The substrate now is implanted with oxygen ions at sufficient energy to implant them, in the presently preferred embodiment, to approximately 0.35 to 0.5 microns below the gate oxide interface. By way of example, a dose of approximately 2×1018 /cm2 of 016 atoms implanted at an energy of 200 KEV may be used with the substrate temperature of approximately 500 degrees C during implantation. The implantation is illustrated in FIG. 4 by the lines 20. The presence of the implanted oxygen region within the substrate is shown by the dotted line 22. The masking members 17a and 17b are sufficiently thick to prevent the oxygen ions from being implanted into the substrate below the gate members. Thus, line 22 is broken at openings 23 and 24. Also, the photoresist members 17a and 17b are sufficiently thick to prevent the oxygen ions from reaching the polysilicon gate members. The implanted ions are shown by the dotted line 26 for the masking members 17a and the dotted line 27 for the masking member 17b. If, for instance, a hardened photoresist layer is used, 1 micron of thickness is sufficient to prevent penetration of the oxygen ions into the polysilicon members.
While in the presently preferred embodiment oxygen is employed, other ions that will react with silicon to form an insulative layer may be used; for instance, nitrogen to form a silicon nitride-like buried layer. As mentioned, a hardened photoresist layer may be used as a masking member, other masking members may be employed. By way of example, a photoresist layer may be used to form silicon nitride masking members which in turn are used to define the polysilicon gates. In this case, the photoresist and/or the silicon nitride are used to block the ions. In any event, the masking member should withstand the ion implantation. Therefore, a hardened photoresist layer should be used. In the case of silicon nitride, a high temperature film should be used or a refractory metal may be used.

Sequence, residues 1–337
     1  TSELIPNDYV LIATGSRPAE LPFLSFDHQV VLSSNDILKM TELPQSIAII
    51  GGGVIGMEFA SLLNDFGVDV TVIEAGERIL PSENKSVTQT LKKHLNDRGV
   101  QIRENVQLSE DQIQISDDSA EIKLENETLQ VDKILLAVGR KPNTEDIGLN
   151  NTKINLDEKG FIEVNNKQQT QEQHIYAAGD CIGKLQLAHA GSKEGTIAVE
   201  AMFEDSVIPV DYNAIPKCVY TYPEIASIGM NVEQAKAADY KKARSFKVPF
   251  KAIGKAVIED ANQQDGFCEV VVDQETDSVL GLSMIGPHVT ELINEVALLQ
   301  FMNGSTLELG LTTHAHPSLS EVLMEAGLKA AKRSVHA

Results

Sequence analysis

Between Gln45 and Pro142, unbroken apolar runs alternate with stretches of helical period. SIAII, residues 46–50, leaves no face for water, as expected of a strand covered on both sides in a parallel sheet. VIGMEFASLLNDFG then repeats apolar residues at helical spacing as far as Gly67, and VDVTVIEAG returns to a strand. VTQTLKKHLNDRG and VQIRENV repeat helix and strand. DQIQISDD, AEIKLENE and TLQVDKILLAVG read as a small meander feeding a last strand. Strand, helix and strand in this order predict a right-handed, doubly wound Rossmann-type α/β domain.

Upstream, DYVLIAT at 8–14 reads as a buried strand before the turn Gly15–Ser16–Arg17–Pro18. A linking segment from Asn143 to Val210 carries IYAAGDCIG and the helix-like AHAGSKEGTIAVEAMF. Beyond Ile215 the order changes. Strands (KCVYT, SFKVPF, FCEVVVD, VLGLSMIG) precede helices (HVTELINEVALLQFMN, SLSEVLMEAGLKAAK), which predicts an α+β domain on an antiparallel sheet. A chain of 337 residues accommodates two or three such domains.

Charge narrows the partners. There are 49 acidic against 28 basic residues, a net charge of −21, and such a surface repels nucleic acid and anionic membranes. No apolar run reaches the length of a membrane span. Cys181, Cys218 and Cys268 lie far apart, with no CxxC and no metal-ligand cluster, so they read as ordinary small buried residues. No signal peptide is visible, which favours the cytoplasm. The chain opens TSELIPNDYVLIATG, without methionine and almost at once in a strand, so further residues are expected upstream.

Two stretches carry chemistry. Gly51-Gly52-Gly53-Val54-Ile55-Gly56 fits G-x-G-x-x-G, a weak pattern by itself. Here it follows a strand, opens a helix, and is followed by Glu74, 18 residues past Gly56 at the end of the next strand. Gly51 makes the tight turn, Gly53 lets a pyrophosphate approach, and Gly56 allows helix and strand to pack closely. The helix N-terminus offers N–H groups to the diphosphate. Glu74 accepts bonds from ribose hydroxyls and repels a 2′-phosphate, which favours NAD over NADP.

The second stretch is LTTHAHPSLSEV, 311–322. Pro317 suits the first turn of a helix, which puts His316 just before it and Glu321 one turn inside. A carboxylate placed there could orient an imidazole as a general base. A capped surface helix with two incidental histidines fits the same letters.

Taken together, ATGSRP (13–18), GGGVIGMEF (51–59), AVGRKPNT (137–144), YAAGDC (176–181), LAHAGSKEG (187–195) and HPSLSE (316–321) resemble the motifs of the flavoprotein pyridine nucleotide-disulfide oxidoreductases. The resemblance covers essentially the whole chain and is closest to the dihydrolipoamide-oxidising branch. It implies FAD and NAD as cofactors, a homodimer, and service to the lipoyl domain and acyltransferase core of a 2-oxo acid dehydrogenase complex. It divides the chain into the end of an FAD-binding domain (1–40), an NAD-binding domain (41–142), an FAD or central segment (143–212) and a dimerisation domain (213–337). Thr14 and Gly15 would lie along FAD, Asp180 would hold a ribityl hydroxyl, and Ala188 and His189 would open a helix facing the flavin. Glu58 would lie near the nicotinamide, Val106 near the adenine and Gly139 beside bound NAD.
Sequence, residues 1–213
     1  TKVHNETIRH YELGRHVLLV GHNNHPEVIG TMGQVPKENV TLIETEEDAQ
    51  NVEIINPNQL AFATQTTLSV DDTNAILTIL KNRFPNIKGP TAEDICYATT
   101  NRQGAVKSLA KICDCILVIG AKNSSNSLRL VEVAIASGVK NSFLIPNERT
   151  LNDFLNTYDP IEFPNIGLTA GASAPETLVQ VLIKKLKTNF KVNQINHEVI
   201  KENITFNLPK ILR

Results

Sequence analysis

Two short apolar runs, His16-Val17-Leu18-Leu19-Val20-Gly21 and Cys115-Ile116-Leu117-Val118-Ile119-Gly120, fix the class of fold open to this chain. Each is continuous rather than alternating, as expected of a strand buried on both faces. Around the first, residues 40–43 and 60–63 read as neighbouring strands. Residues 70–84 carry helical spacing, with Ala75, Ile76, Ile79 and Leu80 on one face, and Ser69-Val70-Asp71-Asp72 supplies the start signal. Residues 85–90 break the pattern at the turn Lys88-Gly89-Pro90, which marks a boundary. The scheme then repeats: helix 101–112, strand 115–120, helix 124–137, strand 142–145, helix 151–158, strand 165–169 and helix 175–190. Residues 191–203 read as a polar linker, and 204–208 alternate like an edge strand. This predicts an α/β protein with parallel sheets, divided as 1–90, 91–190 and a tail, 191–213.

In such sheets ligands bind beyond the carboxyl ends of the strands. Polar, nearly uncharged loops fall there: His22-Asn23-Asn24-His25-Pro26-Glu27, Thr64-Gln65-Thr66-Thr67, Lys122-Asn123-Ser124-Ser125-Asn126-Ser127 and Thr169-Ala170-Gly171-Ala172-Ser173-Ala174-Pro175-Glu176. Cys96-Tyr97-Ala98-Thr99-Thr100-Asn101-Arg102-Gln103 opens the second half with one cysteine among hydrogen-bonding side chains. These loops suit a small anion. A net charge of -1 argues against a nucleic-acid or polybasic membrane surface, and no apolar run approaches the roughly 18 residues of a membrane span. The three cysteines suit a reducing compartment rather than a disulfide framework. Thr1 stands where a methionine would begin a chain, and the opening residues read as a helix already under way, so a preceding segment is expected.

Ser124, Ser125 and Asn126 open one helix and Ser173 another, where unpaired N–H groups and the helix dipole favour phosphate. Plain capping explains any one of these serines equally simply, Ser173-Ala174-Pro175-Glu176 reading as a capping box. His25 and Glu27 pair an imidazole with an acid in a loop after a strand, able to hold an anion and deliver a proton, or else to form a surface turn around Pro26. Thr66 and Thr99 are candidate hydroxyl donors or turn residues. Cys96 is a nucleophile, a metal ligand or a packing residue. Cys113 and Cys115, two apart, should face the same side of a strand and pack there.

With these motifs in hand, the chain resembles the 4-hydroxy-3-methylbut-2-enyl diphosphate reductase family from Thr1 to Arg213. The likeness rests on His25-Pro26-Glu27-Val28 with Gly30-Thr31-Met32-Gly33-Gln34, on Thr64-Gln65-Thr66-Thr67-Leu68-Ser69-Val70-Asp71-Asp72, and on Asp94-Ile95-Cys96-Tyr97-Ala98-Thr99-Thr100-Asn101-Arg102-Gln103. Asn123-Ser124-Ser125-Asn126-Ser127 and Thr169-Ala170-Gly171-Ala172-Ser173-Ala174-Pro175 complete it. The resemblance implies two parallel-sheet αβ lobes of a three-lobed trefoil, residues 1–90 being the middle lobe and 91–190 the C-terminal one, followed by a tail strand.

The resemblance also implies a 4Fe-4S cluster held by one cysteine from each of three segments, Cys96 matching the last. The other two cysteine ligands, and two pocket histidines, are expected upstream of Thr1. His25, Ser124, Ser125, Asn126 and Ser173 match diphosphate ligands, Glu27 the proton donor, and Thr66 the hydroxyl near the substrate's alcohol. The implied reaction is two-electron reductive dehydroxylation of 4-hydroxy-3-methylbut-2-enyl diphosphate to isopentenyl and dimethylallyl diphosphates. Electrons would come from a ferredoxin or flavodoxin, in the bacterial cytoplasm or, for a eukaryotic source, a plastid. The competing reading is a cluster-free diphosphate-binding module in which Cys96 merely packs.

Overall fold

The polysilicon itself may be used as a masking layer. An extra thick layer of polysilicon is formed and etched to define the gates. After the implantation, the upper portion of the layer (e.g., the portion containing the oxygen ions) is removed leaving the non-implanted polysilicon gates.
For the processing shown in FIG. 4, after the implantation, the masking members are removed. (If a refractory metal is used as a masking member, it may not be necessary to remove it, that is, the metal may remain as part of the gate structure.) The substrate is now subjected to an annealing step in an inert gas such as nitrogen. The substrate, for instance, is placed in a furnace at 1150 degrees C. for 160 minutes. The implanted oxygen reacts with the silicon to form the buried SiO2 layer 30 shown in FIG. 5.